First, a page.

- temporarily pausing the step of actuating the swashplate for a period of time after a pilot has made an overriding command.
2. The method according to claim 1, further comprising:
- confirming the failure of the engine.
3. The method according to claim 1, further comprising:
- confirming the failure of the engine by detecting a decrease in rotor speed of the plurality of main rotor blades.
4. The method according to claim 1, further comprising:
- calculating a desired rotor speed of the main rotor blades based in part upon the step of analyzing the flight condition of the aircraft.
5. The method according to claim 4, wherein the step of actuating the swashplate mechanism includes changing the pitch of the plurality of main rotor blades to obtain the desired rotor speed.
6. The method according to claim 1, further comprising:
- commanding an actuation of a tail rotor actuator with the flight control computer in order to change a pitch of a plurality of tail rotor blades in order to correlate a change in a tail rotor thrust requirement because of a change in pitch of the plurality of main rotor blades.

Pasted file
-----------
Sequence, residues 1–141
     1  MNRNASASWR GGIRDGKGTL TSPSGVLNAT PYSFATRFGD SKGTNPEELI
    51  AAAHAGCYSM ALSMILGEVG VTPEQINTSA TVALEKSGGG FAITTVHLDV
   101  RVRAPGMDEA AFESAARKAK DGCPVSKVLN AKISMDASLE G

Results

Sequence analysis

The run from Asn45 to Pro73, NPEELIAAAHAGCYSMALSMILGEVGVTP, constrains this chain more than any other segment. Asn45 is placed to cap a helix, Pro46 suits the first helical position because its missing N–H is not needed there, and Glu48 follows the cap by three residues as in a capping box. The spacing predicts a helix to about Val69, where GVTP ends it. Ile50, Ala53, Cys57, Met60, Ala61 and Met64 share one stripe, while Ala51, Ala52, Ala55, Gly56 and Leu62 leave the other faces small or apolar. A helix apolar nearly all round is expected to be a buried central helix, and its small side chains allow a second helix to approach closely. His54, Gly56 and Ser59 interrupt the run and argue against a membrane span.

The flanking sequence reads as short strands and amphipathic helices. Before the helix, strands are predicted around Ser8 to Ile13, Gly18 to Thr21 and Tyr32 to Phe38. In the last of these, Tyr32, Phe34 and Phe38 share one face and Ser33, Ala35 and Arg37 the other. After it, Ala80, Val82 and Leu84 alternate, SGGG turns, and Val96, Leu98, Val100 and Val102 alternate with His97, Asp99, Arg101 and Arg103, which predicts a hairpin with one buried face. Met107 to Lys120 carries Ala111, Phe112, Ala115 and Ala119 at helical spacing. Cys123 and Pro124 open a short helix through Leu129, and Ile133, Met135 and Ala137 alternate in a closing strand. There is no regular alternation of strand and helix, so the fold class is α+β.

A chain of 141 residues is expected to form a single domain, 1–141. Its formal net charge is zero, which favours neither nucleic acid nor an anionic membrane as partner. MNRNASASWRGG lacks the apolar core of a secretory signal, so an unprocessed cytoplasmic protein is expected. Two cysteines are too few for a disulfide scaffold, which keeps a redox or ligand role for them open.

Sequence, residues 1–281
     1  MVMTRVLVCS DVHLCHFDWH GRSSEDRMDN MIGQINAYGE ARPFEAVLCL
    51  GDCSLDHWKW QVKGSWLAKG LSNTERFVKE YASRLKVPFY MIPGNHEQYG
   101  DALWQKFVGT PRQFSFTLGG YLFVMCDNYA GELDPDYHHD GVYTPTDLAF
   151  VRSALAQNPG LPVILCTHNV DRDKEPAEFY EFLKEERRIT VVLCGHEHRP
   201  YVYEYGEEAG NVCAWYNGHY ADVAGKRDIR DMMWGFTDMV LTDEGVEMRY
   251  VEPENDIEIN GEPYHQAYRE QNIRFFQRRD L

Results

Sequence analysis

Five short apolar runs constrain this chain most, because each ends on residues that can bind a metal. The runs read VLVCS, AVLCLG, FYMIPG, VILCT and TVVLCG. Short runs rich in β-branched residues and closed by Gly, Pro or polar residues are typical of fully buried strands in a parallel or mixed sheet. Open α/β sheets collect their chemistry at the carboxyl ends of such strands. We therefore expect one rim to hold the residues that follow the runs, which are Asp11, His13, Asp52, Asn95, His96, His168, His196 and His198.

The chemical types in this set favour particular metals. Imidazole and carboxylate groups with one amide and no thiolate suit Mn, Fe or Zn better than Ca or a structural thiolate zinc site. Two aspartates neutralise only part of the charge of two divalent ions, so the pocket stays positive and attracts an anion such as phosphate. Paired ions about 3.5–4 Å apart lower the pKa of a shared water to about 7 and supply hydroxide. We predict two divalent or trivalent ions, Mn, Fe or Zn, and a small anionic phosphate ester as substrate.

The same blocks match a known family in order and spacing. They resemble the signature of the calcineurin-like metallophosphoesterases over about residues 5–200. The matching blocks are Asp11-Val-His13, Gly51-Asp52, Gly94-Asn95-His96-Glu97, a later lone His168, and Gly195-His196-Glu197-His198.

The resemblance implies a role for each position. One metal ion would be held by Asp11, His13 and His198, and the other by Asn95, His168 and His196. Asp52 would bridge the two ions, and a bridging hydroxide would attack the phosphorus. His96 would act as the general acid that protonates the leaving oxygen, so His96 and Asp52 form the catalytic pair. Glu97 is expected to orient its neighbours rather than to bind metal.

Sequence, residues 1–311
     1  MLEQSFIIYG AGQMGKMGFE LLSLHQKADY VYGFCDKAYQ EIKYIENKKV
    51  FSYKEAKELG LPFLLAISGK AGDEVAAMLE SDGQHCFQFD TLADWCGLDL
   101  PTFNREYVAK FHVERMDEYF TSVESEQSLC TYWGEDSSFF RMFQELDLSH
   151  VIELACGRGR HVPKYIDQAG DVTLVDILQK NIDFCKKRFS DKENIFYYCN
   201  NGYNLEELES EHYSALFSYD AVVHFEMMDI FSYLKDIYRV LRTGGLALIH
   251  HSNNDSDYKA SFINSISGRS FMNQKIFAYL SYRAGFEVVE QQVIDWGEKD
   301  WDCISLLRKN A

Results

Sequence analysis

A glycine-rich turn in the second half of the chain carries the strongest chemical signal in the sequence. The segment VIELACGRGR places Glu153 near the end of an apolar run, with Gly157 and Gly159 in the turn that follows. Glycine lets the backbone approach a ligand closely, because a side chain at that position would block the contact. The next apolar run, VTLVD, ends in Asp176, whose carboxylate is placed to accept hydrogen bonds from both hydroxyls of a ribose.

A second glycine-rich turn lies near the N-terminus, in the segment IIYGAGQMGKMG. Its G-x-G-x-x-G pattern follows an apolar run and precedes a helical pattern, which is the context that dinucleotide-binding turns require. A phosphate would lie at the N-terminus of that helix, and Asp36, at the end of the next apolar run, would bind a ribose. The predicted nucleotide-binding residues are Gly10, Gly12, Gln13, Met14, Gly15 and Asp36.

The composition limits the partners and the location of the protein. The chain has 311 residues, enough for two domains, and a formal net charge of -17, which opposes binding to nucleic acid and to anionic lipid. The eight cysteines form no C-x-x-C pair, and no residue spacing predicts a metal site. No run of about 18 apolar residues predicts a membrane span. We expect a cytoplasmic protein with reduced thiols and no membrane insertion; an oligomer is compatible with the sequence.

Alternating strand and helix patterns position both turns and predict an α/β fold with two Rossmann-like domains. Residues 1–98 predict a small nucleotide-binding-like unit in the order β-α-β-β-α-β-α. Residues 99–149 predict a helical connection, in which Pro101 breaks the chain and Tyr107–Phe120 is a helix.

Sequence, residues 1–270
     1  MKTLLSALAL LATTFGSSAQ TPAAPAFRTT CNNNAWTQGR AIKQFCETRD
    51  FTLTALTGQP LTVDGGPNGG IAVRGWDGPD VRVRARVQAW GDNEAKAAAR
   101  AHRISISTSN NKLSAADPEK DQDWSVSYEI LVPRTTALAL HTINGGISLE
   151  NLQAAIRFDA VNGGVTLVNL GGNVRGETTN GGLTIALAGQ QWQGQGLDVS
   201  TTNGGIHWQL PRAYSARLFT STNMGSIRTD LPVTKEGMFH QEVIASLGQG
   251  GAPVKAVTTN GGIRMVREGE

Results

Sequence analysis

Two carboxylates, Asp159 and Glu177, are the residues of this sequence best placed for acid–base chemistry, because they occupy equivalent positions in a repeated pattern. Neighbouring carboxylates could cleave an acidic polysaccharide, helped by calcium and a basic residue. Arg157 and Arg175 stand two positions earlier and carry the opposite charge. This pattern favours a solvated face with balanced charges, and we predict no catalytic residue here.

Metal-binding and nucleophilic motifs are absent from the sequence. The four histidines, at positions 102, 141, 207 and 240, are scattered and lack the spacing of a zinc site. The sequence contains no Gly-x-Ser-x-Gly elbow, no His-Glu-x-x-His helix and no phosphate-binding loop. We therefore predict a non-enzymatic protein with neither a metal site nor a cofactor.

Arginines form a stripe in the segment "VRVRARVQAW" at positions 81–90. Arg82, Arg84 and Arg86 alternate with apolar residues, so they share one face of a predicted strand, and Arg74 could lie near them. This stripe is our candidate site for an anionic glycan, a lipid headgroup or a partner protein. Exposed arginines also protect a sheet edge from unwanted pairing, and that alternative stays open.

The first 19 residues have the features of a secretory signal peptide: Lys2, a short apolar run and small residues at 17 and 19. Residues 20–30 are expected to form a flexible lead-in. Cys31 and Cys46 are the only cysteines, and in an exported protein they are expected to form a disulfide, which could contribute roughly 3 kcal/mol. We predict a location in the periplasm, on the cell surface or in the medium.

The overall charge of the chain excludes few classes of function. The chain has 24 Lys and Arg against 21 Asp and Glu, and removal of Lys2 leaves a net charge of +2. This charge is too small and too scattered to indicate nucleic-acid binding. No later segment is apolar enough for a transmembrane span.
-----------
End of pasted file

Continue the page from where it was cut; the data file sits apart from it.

7. The method according to claim 1, further comprising:
- actuating a collective stick with a trim actuator to cue a pilot when the flight control computer has commanded the change to the pitch of the plurality of main rotor blades.
8. The method according to claim 1, wherein the step of actuating the swashplate mechanism with the command from a flight control computer to an actuator coupled to the swashplate mechanism so as to change the pitch of a plurality of main rotor blades includes collectively decreasing the pitch of the plurality of main rotor blades.
9. The method according to claim 1, wherein the step of actuating the swashplate mechanism with the command from a flight control computer to an actuator coupled to the swashplate mechanism so as to change the pitch of a plurality of main rotor blades includes cyclically changing the pitch of the plurality of main rotor blades to increase an attitude of the aircraft so as to promote an airflow up through the plurality of main rotor blades.